That was a long trip up on the elevator, moving slowly and with bells ringing to warn “heads away” at the unfinished floors. “Perhaps someday we’ll have ‘sleeper’ elevators for long journeys,” said the guide jokingly.
Up, up, we went, past the twentieth, thirtieth, fortieth, and partway up to the fiftieth story. We were in the small, tapering point of the tower now, where the stonemasons are still at work.
“Take the ladder,” said the guide briefly, and we went up to another platform. Here he looked eat me keenly. “Want to try another?” We reached a third platform, where another ladder stood before us.
“Can you stand another?” asked the guide. “Ever get dizzy?” We climbed the long ladder and stood upon a small wooden platform.
“Now,” said the guide, “you are higher up than any visitor has been. Hold fast to this column and look!”
It was a weird sight. We were detached from the earth, hanging dreamily, breathlessly skyward; beneath was a small, smoke rimmed radius twinkling with many tiny lights.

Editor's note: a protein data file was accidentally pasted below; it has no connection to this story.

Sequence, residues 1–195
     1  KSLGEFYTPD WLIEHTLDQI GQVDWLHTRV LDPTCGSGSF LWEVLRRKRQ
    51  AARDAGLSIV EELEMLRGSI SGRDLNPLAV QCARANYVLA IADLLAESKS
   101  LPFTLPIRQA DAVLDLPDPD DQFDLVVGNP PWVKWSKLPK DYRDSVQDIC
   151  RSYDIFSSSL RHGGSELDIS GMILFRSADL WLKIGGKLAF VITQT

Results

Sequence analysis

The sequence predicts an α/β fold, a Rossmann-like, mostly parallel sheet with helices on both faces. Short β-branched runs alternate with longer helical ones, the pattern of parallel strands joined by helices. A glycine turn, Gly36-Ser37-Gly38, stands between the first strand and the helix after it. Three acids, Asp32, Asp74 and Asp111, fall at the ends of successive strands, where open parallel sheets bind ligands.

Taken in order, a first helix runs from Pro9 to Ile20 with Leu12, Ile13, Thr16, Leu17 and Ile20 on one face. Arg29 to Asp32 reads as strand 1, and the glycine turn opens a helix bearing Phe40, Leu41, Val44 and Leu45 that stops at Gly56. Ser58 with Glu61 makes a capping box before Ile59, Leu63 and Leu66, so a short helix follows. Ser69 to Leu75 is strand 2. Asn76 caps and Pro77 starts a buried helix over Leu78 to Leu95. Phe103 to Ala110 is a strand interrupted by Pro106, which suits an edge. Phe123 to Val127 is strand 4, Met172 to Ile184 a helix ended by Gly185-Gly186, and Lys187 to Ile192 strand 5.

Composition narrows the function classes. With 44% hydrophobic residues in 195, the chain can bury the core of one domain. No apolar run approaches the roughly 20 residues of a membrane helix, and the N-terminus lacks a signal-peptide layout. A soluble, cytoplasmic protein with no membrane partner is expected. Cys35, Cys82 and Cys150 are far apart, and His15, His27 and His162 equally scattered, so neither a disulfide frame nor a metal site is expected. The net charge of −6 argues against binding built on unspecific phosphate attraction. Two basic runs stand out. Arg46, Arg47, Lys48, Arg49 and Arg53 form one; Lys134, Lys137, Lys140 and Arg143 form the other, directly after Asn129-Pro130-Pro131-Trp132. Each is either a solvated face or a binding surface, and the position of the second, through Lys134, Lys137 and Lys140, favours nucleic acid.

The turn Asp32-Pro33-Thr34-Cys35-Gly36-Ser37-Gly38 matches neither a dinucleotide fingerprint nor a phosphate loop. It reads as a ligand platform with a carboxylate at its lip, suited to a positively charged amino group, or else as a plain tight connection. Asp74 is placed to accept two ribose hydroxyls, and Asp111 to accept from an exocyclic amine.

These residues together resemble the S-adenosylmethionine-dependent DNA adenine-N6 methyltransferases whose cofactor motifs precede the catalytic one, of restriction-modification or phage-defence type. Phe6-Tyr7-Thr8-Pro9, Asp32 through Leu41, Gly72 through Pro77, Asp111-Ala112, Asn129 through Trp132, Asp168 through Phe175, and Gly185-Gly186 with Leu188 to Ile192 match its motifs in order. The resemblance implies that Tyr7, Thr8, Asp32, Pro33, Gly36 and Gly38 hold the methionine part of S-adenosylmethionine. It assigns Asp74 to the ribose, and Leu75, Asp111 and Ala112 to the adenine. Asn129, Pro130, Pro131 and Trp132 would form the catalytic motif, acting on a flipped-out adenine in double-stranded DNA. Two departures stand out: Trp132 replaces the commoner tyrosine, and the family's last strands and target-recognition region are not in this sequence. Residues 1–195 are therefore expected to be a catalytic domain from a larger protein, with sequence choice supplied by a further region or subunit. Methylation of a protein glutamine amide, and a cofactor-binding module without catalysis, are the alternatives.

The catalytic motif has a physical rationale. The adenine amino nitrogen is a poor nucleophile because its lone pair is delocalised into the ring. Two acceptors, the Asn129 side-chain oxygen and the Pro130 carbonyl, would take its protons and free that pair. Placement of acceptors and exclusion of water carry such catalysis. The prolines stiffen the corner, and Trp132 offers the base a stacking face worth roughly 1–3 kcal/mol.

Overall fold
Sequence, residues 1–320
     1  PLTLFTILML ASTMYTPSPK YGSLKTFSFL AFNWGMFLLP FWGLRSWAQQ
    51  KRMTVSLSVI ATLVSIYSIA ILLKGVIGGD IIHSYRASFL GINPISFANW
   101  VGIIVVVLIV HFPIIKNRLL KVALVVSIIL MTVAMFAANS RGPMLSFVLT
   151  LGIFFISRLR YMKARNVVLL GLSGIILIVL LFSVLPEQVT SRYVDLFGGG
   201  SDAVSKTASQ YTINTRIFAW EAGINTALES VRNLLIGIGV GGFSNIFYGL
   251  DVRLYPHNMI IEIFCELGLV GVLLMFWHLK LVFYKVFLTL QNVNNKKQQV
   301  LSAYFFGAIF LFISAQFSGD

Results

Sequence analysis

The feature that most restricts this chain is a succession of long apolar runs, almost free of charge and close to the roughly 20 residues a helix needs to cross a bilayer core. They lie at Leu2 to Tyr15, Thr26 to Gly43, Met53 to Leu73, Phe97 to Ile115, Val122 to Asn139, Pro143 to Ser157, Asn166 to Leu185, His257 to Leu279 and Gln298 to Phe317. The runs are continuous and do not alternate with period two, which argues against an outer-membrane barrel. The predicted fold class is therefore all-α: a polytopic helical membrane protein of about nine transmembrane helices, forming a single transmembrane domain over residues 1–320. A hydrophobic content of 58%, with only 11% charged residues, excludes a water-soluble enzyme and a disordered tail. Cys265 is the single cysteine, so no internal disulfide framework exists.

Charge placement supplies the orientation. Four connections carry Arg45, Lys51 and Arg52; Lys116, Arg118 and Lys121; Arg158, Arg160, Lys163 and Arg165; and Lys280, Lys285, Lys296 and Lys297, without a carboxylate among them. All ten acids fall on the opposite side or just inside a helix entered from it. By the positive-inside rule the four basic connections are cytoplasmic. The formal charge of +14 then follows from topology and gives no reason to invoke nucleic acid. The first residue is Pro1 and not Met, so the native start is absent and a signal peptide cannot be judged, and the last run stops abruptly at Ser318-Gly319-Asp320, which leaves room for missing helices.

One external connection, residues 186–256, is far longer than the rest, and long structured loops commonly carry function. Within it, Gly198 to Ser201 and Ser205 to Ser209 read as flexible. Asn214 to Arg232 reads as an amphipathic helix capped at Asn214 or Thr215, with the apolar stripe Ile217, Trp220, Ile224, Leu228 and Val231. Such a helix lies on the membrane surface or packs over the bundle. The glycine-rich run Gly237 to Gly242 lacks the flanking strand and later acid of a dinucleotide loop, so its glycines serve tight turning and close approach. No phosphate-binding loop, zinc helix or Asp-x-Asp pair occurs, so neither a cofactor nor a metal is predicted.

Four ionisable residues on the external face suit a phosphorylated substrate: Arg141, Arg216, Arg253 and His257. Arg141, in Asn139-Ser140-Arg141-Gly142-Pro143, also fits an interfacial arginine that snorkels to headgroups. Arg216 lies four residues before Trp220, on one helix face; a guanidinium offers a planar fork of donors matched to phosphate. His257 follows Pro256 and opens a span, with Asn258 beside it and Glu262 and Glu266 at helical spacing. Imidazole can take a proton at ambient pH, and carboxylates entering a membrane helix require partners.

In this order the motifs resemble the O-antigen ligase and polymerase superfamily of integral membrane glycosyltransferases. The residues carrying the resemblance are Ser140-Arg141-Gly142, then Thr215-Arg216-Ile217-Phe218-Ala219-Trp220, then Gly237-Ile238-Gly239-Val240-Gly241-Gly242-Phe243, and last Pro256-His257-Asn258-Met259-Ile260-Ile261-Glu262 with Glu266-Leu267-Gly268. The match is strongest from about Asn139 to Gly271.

Strings of toy cars are filing and crossing each others’ path. Yes, and there are files swarming this way and that, ceaselessly hurrying, with queer, jerky movements along the streets and avenues,
A horse falls down in his shafts. Down there he is creaking and rolling in his harness, and a crowd gathers. Up in the sky, the accident seems comical — as if a bug had slipped.
The buildings look squat and compressed as flat as the streets — a monotonous checkerboard of square roofs with steaming chimneys. Even the Flatiron Building pales into insignificance. Distances seem as nothing. Now I realize how easily that drift pin sprang over to Broadway; it seems as if you could toss a coin still further,